A nasty fall can result in a damaged trophy.
This was a make-or-break moment. The weather was not getting any better, and I wanted to spend as little time here on this rock face as necessary given the circumstances. As I watched the ram, he stood up, turned around, and lay back down, facing directly away from me. I dug into my pack and pulled out my thin white coveralls, slipped them on, and crawled over the edge. My only chance would be that if the ram saw me, he'd think I was another sheep and not spook. The trick had worked for me before, and I was betting the farm it would work again.

It did. I eased over the ridge and began working down through the boulders and loose shale, moving as fast as I dared without risking a nasty fall. I was alone, and this was no time or place to slip and break an ankle. I reached the bottom of the ridge, then eased across the open rocks to the base of the parapet, all the while in plain view of a ram that was taking a midday siesta. A few tense minutes later and I was working my way up the 60-degree slope, angling away from the bedded sheep and praying he would let me get closer. 600 yards. 500 yards. 400 yards. Up ahead on the steep slope was a large rock. If I can get there, I thought, I'll take a rest and try the shot.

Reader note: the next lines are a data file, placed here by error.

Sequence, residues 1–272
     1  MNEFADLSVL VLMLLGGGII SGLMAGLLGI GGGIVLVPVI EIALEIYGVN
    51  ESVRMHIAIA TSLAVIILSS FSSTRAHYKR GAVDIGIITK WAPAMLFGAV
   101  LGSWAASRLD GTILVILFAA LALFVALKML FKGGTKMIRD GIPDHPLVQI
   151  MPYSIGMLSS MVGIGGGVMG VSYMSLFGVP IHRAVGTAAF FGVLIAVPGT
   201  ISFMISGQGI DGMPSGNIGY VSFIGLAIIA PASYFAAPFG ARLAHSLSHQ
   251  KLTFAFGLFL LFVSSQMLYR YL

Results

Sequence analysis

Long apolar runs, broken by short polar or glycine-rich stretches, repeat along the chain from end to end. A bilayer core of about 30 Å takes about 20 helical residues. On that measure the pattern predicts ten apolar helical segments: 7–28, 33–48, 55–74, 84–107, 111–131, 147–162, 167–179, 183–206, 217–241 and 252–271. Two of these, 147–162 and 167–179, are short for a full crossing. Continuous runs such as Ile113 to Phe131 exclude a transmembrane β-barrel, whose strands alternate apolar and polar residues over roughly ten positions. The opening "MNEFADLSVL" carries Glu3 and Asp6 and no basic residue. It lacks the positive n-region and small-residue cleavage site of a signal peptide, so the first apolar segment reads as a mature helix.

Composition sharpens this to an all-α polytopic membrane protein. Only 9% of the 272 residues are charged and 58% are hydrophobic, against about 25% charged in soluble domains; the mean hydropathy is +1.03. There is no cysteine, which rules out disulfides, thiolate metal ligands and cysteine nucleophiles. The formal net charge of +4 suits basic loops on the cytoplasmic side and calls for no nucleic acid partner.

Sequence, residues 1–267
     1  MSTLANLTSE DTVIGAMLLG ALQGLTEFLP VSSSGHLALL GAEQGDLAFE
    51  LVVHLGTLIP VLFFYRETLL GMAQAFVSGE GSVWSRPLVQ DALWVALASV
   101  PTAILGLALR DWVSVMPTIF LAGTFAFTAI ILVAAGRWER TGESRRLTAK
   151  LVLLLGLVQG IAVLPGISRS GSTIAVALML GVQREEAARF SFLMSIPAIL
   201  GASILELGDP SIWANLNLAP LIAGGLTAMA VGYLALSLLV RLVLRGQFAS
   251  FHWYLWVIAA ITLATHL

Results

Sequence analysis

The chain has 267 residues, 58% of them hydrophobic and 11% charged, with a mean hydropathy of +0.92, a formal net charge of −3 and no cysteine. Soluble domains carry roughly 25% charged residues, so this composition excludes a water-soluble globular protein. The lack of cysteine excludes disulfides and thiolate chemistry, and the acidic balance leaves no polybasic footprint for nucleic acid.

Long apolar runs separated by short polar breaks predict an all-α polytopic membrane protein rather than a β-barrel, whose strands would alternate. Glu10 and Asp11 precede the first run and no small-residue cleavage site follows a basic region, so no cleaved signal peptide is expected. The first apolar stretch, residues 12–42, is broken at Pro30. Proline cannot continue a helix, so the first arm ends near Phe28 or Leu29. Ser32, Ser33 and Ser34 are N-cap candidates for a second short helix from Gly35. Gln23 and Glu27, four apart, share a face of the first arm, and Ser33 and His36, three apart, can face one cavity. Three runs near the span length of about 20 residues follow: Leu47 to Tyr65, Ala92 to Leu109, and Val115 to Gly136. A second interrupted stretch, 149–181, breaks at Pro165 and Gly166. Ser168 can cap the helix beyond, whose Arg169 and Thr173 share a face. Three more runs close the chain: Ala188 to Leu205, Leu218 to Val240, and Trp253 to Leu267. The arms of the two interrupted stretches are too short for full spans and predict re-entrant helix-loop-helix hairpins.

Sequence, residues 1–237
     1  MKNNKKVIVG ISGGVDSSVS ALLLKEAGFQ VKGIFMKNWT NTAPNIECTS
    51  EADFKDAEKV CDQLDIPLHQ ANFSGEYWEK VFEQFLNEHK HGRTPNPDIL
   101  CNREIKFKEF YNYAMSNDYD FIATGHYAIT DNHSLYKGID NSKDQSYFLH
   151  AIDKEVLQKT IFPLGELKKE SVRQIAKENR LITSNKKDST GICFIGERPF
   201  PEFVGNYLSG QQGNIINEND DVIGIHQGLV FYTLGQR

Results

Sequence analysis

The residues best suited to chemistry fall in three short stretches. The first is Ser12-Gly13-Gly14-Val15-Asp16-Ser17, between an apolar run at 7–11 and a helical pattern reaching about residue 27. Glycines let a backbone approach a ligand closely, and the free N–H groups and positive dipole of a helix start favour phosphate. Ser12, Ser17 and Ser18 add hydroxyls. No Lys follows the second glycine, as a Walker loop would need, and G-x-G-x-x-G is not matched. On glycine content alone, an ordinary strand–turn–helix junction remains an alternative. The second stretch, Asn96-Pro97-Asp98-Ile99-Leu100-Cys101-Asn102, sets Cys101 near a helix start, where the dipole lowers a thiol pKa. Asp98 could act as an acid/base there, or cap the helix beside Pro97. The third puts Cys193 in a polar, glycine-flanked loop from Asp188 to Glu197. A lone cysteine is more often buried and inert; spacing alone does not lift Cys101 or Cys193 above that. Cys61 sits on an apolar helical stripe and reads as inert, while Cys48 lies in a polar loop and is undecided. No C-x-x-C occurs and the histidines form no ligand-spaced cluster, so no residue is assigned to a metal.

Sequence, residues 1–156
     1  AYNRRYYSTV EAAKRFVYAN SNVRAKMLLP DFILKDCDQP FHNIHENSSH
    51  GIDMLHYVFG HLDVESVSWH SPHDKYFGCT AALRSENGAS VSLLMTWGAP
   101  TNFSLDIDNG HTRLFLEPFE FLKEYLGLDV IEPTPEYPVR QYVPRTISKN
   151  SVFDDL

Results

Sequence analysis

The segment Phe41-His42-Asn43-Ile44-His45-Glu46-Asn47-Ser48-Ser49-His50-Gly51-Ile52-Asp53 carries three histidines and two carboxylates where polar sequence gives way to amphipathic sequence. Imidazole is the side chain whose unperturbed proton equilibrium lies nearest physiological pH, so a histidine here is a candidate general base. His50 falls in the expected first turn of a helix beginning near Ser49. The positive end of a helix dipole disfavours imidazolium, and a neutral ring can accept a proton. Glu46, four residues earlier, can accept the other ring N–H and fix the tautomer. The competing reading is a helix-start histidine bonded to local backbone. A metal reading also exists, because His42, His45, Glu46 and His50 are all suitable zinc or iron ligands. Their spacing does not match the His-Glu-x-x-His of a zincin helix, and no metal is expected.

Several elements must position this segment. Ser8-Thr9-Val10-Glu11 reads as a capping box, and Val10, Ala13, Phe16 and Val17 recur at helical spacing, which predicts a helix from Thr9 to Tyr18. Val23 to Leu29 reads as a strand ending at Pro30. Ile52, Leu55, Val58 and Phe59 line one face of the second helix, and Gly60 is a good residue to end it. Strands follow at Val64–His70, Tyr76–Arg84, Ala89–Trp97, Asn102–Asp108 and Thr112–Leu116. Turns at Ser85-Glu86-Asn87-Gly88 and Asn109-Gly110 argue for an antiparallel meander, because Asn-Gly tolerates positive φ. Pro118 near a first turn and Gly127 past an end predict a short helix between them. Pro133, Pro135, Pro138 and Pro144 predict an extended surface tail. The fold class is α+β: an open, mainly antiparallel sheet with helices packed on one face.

Just before I reached my rock, the ram stood up. Uh, oh. He was looking down at me, and though not panicked, all he had to do was take one step back and the steep uphill angle between us would hide him completely. I scurried forward, threw my pack across the rock, rested the .300 across the pack, chambered a round, got a good sight picture, and squeezed the trigger.

At the shot, nothing happened. No bullet hitting rock or snow, no sheep running off. Nothing. I chambered another round and squeezed the trigger. This time my rifle did not fire. Panic!! I jacked the round out, chambered another, and squeezed the trigger again. Nothing. Ohmygawd! Despite the fact that I had de-greased my firing pin, the blowing ice and snow had frozen it solid. About the time I took the bolt out of the rifle and prepared to bang it against a rock to try and loosen the frozen firing mechanism, the monster ram stiffened up and pitched off the side of the parapet face.

My first shot had hit him through the liver and one lung, taking a few seconds to do its job. This was good, and it was bad. Instead of simply dropping dead, the ram fell over 1000 feet straight down the rock face. It was at least 200 feet before he hit the first time. When he finally stopped on a massive shale slide, I knew he was going to be a mess.